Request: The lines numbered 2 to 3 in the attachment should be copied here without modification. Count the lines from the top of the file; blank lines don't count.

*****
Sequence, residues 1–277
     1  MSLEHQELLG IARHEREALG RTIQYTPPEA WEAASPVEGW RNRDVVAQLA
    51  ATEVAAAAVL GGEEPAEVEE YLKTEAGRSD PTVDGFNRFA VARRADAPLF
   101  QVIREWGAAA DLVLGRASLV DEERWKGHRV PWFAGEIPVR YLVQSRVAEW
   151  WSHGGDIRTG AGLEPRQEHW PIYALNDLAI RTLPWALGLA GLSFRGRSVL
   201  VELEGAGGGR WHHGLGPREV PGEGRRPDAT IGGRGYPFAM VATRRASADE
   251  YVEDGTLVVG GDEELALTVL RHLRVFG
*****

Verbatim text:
     1  MSLEHQELLG IARHEREALG RTIQYTPPEA WEAASPVEGW RNRDVVAQLA
    51  ATEVAAAAVL GGEEPAEVEE YLKTEAGRSD PTVDGFNRFA VARRADAPLF